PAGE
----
Tuberculosis bacilli, the causative agent for tuberculosis, are seen under an electron microscope in this image made available by the U.S. Centers for Disease Control and Prevention.
Toronto to host global meeting on fighting TB
Updated Wed. Nov. 12 2008 6:58 PM ET
Native leaders and health experts from 60 countries will meet Thursday in Toronto to craft a global plan to cut alarming tuberculosis rates among the poor.
The insidious and highly contagious lung disease - once thought to be all but vanquished - is still thriving in many quarters, including several native communities in Canada.
Overcrowded housing and lack of health care are blamed for about 1,600 new Canadian cases each year.
The potentially fatal illness - known as the plague of the poor - can be successfully treated but there is no effective vaccine.
"Between 2002 and 2006, the rates for the on-and off-reserve population were 29 times higher than the non-aboriginal population," said Angus Toulouse, Ontario vice-chief for the Assembly of First Nations.
"And the Inuit, their TB rate is 90 times higher."
The assembly is co-hosting Thursday's meeting along with the Inuit Tapiriit Kanatami, representing 53 Arctic communities.
The Global Plan to Stop TB will push for native-led economic solutions along with more access to treatment and better tracking of cases and underlying causes. Its goal is to cut by half the incidence of TB among aboriginal people around the world by 2015.
"As the World Health Organization has called it, it's a disease of poverty," Toulouse said. "And the best cure for this poverty is employment and economic development opportunities."
The Public Health Agency of Canada reported 1,621 cases of new active and relapsed TB in 2006 - an average of about five cases for every 100,000 people.
In Nunavut, however, the number soared to a country-wide high of 156 cases per 100,000 population.
The most recent numbers from Statistics Canada suggest at least 70 people died across Canada in 2004 of TB-related causes.
Newly minted federal Health Minister Leona Aglukkaq, who hails from Nunavut, knows the issue all too well.
"She does recognize that tuberculosis is a big problem," said her press secretary, Josee Bellemare.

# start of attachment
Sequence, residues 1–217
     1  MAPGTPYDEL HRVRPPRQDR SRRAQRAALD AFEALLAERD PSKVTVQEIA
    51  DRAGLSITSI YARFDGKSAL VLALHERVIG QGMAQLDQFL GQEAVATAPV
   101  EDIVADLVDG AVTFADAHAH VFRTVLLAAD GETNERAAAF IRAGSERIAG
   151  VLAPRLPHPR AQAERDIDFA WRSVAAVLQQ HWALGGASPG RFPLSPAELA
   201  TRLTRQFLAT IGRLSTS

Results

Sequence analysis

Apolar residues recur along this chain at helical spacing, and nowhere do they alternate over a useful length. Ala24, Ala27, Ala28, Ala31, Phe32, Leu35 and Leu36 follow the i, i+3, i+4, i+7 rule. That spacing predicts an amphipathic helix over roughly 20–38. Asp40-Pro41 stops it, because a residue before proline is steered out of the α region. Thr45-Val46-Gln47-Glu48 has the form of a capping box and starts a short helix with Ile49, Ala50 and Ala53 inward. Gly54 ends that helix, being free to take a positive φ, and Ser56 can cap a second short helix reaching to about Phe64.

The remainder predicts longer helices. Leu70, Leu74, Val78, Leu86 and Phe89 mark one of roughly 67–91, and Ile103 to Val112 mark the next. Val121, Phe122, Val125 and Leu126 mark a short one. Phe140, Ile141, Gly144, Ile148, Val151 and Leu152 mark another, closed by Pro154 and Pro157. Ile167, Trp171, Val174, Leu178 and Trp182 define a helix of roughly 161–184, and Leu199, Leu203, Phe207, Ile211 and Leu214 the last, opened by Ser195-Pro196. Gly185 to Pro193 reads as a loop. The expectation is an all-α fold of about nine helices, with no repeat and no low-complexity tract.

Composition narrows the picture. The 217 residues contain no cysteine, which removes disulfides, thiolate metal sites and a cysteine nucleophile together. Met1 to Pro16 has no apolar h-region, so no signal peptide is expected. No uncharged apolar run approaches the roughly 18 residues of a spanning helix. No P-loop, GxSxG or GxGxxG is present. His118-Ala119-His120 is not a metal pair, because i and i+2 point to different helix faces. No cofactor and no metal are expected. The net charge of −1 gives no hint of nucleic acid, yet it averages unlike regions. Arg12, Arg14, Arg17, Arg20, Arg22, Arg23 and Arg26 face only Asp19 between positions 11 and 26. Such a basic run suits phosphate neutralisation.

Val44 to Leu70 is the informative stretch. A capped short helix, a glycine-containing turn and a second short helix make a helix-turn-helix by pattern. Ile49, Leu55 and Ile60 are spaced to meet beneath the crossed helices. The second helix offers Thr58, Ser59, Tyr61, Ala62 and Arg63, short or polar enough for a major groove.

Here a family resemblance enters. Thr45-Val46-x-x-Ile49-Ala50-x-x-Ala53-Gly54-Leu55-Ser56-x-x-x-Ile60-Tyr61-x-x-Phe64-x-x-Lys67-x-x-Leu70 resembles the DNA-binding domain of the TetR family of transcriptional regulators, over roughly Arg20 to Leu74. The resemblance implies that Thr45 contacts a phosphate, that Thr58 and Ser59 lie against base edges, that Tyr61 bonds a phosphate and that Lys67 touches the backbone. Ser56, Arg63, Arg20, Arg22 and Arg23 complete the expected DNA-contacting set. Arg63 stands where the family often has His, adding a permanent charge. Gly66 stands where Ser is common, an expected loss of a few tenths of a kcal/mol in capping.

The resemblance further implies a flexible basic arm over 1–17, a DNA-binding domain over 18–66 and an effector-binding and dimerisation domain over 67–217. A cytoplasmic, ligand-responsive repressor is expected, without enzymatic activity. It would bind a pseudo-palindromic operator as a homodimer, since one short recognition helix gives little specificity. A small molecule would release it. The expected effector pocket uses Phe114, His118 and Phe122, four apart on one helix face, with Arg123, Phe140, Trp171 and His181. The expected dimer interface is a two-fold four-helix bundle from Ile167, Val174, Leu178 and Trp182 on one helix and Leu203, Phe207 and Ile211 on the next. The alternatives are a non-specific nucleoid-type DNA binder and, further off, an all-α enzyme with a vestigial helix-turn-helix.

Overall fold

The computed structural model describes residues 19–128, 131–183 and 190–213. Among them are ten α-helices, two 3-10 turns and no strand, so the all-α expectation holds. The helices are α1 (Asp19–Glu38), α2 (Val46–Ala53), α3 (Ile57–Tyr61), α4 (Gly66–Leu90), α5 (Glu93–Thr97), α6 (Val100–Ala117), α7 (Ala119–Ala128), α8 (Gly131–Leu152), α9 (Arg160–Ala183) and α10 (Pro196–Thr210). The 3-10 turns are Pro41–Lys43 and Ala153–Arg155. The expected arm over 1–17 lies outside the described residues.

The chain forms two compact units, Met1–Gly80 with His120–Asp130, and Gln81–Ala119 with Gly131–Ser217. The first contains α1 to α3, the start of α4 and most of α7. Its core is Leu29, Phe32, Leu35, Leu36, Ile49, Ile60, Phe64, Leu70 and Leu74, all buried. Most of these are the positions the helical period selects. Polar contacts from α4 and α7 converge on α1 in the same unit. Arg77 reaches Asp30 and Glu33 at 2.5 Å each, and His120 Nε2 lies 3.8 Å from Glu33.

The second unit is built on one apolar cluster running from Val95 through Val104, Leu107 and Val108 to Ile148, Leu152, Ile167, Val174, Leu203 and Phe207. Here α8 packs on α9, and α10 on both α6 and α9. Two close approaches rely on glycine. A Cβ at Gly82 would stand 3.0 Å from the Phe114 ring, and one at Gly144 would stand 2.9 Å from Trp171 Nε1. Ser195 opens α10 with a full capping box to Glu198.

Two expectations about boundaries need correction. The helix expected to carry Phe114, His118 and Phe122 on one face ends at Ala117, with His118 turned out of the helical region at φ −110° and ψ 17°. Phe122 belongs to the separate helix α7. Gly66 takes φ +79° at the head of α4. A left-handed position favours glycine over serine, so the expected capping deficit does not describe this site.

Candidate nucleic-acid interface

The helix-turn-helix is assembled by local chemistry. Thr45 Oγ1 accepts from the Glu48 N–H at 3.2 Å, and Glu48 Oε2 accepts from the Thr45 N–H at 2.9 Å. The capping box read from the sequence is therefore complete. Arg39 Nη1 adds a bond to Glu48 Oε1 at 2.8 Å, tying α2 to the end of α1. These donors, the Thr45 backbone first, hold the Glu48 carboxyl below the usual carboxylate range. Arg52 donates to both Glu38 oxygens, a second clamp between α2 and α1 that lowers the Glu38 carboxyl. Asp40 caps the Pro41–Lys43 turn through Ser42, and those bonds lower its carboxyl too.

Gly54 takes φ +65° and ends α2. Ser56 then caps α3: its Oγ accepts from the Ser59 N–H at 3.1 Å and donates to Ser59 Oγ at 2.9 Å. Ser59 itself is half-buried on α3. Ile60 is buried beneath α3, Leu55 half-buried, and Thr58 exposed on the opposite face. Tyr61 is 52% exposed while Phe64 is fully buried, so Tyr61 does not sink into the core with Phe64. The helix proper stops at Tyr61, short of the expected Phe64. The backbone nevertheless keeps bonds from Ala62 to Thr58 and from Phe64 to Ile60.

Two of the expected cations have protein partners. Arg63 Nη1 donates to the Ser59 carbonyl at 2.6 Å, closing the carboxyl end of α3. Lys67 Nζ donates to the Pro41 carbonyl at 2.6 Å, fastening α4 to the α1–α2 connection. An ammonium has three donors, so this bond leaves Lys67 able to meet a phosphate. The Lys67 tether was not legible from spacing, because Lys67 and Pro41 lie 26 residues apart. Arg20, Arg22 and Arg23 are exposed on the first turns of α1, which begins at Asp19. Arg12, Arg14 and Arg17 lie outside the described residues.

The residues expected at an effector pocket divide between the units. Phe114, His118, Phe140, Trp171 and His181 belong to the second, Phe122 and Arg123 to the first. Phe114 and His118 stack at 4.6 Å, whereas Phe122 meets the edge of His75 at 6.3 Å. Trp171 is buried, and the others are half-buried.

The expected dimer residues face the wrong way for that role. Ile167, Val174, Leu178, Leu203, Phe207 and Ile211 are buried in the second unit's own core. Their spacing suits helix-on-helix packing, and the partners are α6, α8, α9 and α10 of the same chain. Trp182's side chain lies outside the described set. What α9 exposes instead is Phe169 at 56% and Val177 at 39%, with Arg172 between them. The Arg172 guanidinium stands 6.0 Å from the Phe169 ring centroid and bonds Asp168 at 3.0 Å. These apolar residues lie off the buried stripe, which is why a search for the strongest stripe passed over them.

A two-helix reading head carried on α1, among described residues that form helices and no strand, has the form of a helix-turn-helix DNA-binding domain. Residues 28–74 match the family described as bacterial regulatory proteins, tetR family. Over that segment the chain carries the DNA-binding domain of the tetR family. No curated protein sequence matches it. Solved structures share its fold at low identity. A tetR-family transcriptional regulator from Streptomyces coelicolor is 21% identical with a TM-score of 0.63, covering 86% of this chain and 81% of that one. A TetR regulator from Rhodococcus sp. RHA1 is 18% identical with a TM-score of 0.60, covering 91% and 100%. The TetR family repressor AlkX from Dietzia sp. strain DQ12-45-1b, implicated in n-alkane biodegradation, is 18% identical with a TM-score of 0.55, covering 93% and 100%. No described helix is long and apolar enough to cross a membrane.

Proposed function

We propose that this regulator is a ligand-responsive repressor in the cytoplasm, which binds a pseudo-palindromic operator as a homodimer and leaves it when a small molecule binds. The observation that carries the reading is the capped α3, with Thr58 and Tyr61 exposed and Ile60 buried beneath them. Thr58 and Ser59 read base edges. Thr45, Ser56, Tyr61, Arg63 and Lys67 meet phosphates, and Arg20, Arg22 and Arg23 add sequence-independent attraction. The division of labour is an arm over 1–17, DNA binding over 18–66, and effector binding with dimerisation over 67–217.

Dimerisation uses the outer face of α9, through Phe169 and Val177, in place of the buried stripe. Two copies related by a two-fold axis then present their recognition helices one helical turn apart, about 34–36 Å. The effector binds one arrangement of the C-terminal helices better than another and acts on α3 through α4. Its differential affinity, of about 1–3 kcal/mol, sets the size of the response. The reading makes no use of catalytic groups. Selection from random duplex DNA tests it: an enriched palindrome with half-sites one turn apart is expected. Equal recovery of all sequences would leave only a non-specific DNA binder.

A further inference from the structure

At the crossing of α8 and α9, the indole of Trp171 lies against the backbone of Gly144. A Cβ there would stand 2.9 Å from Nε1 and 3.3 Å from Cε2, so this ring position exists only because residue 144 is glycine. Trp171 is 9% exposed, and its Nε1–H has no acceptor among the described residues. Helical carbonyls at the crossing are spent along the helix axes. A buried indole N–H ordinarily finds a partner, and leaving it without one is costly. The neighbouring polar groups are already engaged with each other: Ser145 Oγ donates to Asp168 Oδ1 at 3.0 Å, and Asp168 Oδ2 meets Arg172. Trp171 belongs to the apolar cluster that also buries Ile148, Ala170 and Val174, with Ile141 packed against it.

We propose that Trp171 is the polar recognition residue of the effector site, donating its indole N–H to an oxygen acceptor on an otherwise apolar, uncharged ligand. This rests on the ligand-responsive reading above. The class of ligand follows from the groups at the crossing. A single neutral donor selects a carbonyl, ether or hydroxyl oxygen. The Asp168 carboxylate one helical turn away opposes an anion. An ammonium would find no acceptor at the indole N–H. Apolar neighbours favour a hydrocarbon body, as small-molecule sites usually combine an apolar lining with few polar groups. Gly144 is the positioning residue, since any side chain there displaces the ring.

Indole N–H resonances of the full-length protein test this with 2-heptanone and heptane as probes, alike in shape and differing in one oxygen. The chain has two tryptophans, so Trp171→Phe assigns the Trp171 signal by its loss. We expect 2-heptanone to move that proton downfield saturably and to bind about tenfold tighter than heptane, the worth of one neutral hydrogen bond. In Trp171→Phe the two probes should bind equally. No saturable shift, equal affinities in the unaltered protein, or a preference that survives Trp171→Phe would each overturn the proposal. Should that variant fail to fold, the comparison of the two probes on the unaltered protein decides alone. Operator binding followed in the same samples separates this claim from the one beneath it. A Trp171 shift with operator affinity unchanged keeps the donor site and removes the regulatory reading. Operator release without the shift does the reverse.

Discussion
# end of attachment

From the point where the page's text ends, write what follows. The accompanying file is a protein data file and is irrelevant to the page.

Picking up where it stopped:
Several government officials will attend the conference which received $350,000 in federal funds, Bellemare added.
Ottawa spends $6.5 million a year to prevent and control tuberculosis, with a goal of eliminating the disease by 2050.
Recent outbreaks have been reported in native communities in Manitoba and Saskatchewan.
"It's hush, hush," said Lori Lemaigre of La Loche, Sask., about 650 kilometres north of Prince Albert.
The 30-year-old man was successfully treated two years ago for tuberculosis and meningitis.
People don't like to talk about TB, but it is widespread in a community where two or three families often share a three-bedroom house, Lemaigre said.
"You know whoever has it. The TB worker's always driving by with their pills, honking outside the door." Indeed, tuberculosis is a major focus for nursing stations in remote native enclaves.
Health Canada says TB rates among First Nations have dropped dramatically from early in the last century when reported cases reached 700 per 100,000 population.
The Tuberculosis Elimination Strategy was launched in 1992 to drive down rates to one per 100,000 by 2010. But native leaders now say that goal looks far out of reach.
"There really is a need for something more," said Toulouse. "It's unfortunate that when we had billions of dollars in (federal budget) surpluses there was continued inaction ... but we're not going to go away.
"Continuing with the status quo is only costing the government, in the long run, that much more."